A Freedom of Information [FOI] request isn’t necessarily a vexatious, chilling assault on science. It probably is; but what if a legitimate scholar simply needs some data to strengthen the consensus?
In psychological and legal theories of harassment, it is the victim’s perception that defines and categorizes a given act. So how does the request make you feel?
Negatively? Does it make you feel negatively, huh?
(For instance, you might be afraid of showing your data. And who could blame you? Or perhaps it would be a time-consuming pain in the ass to track it down—assuming it even exists—and unarchive, format, sanitize, collate and upload it.)
Admit it: it makes you feel negatively, doesn’t it?
By definition, then, what you’re experiencing is FOI harassment.
Besides, bear in mind that your data is already freely available online and always has been, so the request doesn’t even make sense!
Obviously, therefore, it’s not about the data—it’s about harassing you.
In the workplace.
The worst thing to do would be to release the data. That’s what bullies want!
Scientifically-illegitimate people are positive there’s something incorrect, or incomplete, in science’s understanding of the world. They can’t say what, but they’re determined to find out! So if you suspect someone is on a ‘fishing expedition’ against science, say so:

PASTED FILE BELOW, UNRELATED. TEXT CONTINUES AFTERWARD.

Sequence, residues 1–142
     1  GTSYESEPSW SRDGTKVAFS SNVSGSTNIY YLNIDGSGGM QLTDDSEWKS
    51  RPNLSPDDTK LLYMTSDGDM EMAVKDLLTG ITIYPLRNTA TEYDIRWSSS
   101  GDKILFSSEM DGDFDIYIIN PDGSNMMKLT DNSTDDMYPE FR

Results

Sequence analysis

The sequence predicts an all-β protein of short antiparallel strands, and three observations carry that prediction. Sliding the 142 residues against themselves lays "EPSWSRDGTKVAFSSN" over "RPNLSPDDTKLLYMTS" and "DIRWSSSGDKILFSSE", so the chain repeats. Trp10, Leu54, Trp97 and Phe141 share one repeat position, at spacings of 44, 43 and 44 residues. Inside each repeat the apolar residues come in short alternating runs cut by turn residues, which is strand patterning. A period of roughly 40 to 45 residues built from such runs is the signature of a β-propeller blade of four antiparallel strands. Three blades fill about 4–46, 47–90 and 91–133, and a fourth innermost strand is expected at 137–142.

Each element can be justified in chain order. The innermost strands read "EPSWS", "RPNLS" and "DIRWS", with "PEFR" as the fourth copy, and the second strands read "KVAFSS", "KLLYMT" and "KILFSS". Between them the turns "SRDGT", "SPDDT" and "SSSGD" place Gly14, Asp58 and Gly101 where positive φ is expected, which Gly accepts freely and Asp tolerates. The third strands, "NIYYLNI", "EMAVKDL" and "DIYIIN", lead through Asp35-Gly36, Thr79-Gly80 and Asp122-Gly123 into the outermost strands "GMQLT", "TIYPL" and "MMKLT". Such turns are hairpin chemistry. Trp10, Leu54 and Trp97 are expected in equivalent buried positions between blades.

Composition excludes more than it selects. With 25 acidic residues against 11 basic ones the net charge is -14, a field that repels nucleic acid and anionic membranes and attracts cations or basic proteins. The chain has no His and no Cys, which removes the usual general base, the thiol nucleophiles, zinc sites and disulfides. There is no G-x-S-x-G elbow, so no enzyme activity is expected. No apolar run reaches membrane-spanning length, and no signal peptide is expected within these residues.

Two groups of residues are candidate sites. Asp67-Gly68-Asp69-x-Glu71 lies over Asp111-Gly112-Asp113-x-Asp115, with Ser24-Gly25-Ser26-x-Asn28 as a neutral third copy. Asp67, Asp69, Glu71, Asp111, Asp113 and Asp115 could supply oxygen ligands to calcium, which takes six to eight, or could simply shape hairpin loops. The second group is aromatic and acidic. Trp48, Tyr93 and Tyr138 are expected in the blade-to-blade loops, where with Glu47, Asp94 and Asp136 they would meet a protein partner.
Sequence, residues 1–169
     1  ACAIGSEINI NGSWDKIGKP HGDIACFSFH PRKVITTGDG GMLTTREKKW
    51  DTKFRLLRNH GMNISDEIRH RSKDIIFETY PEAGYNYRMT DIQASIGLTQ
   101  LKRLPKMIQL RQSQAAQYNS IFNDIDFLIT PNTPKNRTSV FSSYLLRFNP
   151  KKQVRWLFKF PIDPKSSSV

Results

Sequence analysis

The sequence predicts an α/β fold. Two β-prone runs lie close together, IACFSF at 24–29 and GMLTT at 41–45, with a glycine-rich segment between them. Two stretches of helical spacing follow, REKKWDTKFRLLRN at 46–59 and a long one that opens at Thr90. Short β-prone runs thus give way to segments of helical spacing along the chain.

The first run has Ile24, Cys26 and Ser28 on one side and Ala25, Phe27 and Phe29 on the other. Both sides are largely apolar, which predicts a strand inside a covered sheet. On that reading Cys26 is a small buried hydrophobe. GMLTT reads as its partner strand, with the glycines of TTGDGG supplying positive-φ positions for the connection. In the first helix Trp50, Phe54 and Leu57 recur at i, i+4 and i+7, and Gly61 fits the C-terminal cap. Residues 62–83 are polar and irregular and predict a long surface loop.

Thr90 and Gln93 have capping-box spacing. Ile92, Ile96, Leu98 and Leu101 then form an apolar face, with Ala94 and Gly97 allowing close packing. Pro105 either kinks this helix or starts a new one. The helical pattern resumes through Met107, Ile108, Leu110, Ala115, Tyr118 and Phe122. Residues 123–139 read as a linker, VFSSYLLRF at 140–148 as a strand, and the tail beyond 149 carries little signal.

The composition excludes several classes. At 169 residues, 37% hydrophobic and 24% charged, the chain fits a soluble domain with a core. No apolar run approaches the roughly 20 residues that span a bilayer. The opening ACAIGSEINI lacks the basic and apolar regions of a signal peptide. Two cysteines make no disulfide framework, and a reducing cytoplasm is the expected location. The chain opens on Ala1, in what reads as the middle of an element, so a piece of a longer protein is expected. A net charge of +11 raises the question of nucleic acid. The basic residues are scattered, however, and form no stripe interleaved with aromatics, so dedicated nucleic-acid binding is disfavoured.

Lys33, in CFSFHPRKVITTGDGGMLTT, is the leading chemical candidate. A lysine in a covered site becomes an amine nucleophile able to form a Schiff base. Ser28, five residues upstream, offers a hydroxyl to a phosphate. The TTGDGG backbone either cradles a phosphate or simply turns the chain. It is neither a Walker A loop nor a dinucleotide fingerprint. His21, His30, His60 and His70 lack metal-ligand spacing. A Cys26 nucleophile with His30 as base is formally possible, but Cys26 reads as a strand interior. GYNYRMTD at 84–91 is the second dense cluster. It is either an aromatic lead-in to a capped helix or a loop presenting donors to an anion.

Why should I make my data available to you, when your aim is to try and find something wrong with it?
Too many people in science think they can appease its enemies with a small show of coöperation, concession or compromise.
That’s futile, as Phil Jones understood. No matter how many errors are discovered and corrected they won’t be satisfied. When you’re a bully, science is never good enough.
When illegitimate forces abuse FOI by seeking information, tell them:
- Most of the data used by real scientists like you is the proprietary, expensive product of many years of fine-tuning and value-adding, so you’re not at liberty to share it with illegitimate parties—though they are, of course, welcome to make up their own.
- Whatever data you may or may not have misplaced in a fit of early-career naïveté—when climate science was an academic backwater of no political importance—it doesn’t do anything to change the science (which, as everyone agrees, is robust and invariant to the removal, correction or addition of pretty much any amount of data).
- Also, all your data has always been freely available online.
- Logically therefore, the real agenda behind the request must be FUD. But they weren’t counting on one thing: you’re a climate scientist, so you don’t scare easily.
- You are being probed illegitimately.
- Victims of unwelcome insertion often blame themselves, but what happened is not your fault. To be sure, you probably could have avoided it by being less provocative in your claims; but now that you know the kind of skeptics who are out there—beneath the surface, hidden in shadows, highly organized, pursuing you wherever you go—you’ll be more careful next time.
- You don’t have to disclose anything to anyone unless it feels right. It’s your body of work, and your choice whether to share it with a given person.
- You do not owe the masses an explanation. Science is about increasing human knowledge—not everyone’s knowledge.